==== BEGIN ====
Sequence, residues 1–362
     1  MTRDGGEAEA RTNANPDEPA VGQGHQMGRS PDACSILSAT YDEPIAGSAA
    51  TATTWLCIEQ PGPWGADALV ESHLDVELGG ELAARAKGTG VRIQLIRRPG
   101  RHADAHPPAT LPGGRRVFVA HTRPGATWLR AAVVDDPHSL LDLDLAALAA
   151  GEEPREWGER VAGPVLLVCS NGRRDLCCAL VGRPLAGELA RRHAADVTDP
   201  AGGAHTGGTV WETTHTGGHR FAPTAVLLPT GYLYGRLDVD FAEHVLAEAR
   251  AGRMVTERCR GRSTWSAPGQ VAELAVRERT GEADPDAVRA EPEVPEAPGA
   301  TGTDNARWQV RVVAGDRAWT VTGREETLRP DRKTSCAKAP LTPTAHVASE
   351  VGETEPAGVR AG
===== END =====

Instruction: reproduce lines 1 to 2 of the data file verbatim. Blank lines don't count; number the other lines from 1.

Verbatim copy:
Sequence, residues 1–362
     1  MTRDGGEAEA RTNANPDEPA VGQGHQMGRS PDACSILSAT YDEPIAGSAA